Irish author Sheila O’Flanagan Finds Joy Visiting Europe Through The Pages of These Novels …
One of the most spectacular regions in Spain is Navarre, which borders the Basque country and the Pyrenees to the north, and stretches to the Ebro river valley in the south. Its capital is Pamplona, a city etched into literary culture courtesy of Ernest Hemingway’s The Sun Also Rises, which honours the San Fermin festival and the running of the bulls in pages that reek of blood-stained sawdust and cheap red wine. Being honest, Hemingway’s masterpiece made me want to avoid Pamplona (although in the end I was glad to have spent time drinking somewhat better wine in the vibrant Plaza del Castillo) but I was drawn to Navarre by a different – though no less blood-stained – type of writing.
The Baztán Trilogy by Dolores Redondo takes us north of the city into high, forested mountains with deep, dark valleys that hide secrets of a culture based on the ancient mythology of an evil demon who kills people in their sleep. The often eerie isolation of the mountains is brilliantly captured by Redondo, who guides us through misty, ethereal forests, along gushing rivers and secret pathways to places that threaten and welcome in equal measure. As though saturated by the seemingly perpetual rain, the books are heavy in the atmosphere of a country and a people whose relationship with the modern world is solely on their terms. Aching to see it myself, I drove along the twisting mountain roads to the small town of Elizondo, and arrived on a local fiesta day where oversized papier mâché dolls were paraded through the narrow streets to the rhythmic beat of a drum. I could imagine a crime scene here, a brightly-coloured doll soaking in the fast-running river, its creator have been taken by the demon. But fiction gave way to reality as the morning downpour abruptly cleared to almost painfully blue skies, and the crowd abandoned their drums to have beer and tapas at riverside cafés.
I love the mountains and the rivers and the ancient secrets they protect, but the sun-drenched Mediterranean has always enchanted me, possibly since I was introduced to the books of Mary Stewart as a teenager. Her elegantly written romantic mysteries bring young, feisty women to a variety of glorious Mediterranean locations, including Greece where, in My Brother Michael, Camilla becomes entangled in the aftermath of a clandestine WW2 operation as she walks through hills covered in cyclamen and wildflowers. Stewart’s descriptive writing is so vivid that it’s impossible not to feel the blaze of the sun on your shoulders or smell the heady floral scent as you roam the hills with her. Equally vivid are her descriptions of Corfu in This Rough Magic, where white rocks tumble towards the peacock shades of the glittering Aegean, and our heroine, Lucy, swims with a dolphin before becoming embroiled in a theatrical mystery. My armchair travelling does not always feature chasing murders or evading them in rain soaked forests or a Mediterranean island, but Europe is always a joy to visit through the pages of a good book.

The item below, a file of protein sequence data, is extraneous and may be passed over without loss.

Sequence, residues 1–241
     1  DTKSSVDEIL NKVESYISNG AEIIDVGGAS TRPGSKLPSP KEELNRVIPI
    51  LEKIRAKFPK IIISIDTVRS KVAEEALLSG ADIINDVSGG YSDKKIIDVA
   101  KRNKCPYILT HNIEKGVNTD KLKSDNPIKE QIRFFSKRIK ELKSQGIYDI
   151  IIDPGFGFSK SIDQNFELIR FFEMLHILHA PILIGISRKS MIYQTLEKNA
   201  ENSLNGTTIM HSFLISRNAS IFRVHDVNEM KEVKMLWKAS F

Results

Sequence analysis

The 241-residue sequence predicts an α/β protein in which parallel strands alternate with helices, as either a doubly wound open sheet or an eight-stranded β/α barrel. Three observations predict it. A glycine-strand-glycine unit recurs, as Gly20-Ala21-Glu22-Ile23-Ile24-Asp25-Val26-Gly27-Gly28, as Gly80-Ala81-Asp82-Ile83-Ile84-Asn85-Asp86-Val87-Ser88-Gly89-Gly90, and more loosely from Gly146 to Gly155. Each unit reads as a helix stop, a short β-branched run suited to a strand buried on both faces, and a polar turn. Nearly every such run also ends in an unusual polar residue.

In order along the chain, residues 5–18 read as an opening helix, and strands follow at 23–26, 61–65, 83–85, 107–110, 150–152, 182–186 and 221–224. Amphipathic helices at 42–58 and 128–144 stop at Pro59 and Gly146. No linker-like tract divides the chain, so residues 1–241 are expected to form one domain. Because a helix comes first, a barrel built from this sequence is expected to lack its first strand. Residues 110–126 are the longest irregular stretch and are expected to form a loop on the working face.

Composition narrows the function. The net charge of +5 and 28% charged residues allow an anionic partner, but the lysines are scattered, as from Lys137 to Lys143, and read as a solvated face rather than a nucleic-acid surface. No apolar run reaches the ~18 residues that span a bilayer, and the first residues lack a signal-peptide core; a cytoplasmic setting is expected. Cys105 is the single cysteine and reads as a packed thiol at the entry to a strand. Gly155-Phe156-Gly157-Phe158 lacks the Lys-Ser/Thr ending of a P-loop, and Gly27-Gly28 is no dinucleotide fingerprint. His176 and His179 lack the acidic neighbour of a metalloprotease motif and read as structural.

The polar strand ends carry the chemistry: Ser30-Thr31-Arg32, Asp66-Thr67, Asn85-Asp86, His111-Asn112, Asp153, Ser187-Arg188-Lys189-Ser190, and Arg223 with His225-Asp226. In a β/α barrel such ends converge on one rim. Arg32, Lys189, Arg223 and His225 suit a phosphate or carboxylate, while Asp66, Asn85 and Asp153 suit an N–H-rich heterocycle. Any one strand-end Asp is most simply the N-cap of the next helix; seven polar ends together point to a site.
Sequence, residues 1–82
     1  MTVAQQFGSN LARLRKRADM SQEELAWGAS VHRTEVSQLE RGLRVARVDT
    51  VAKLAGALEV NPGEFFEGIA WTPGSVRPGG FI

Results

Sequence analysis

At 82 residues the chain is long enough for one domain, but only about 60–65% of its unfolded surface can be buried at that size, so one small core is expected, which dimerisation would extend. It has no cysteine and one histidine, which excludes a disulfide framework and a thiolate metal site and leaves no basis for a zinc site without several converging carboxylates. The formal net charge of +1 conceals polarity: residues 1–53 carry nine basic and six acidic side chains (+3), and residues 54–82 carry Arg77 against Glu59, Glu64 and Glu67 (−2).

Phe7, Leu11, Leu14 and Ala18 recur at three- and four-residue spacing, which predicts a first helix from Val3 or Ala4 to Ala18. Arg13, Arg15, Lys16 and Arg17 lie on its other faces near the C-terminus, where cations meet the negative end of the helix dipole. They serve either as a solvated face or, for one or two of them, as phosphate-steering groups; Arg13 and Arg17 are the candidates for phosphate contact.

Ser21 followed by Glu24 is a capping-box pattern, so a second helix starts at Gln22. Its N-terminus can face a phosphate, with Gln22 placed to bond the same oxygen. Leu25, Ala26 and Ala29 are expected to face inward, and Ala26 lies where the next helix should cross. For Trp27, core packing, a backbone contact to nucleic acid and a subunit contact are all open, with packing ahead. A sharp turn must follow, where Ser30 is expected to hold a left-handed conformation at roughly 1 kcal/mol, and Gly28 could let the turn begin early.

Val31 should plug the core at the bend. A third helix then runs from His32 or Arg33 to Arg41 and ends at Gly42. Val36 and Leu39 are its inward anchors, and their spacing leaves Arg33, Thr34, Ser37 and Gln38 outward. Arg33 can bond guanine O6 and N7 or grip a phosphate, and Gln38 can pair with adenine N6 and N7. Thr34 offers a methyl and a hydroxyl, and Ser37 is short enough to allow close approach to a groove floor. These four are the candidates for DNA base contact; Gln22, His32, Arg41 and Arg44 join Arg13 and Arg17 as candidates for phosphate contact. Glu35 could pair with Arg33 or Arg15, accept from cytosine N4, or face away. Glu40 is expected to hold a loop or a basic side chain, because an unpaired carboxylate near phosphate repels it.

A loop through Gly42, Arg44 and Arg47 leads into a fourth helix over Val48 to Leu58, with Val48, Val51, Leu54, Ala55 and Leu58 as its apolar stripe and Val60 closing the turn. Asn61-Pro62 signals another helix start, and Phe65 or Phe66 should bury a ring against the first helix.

While Dolores Redondo sets her novels in the present, and Mary Stewart’s are in the more recent past, walking the streets of a sun-baked Pompeii in the days before the devastating volcanic eruption that destroyed the city is extremely evocative, in Robert Harris’s novel of the same name. It’s heartbreaking to virtually stroll along the city’s cobbled streets with their shops and bars and dressmakers, before entering one of the beautiful villas overlooking the Bay of Naples, while carrying the burden of knowledge the citizens of Pompeii don’t have. That, even as their engineers are studying the settling tanks designed to collect impurities from the water supply and wondering what is blocking the pipes, they are too late, and that Pompeii will be preserved, both in real life and in countless books, as a monument to one tragic moment in time.
It’s certainly true, as Mason Cooley once observed, that reading gives us someplace to go when we have to stay where we are. Europe is my home both literally and figuratively, and even when I’m physically confined to one corner of it, the joy of travelling in my mind to other countries and other cities is always balm for the soul and always a source of inspiration.
After a career in finance and banking, Sheila O’Flanagan’s love for writing blossomed. Over eight million copies of her novels have been sold worldwide – her forte is curating stories about relationships in all their many forms. Her latest novel, Three Weddings and a Proposal, is published by Headline and is out now.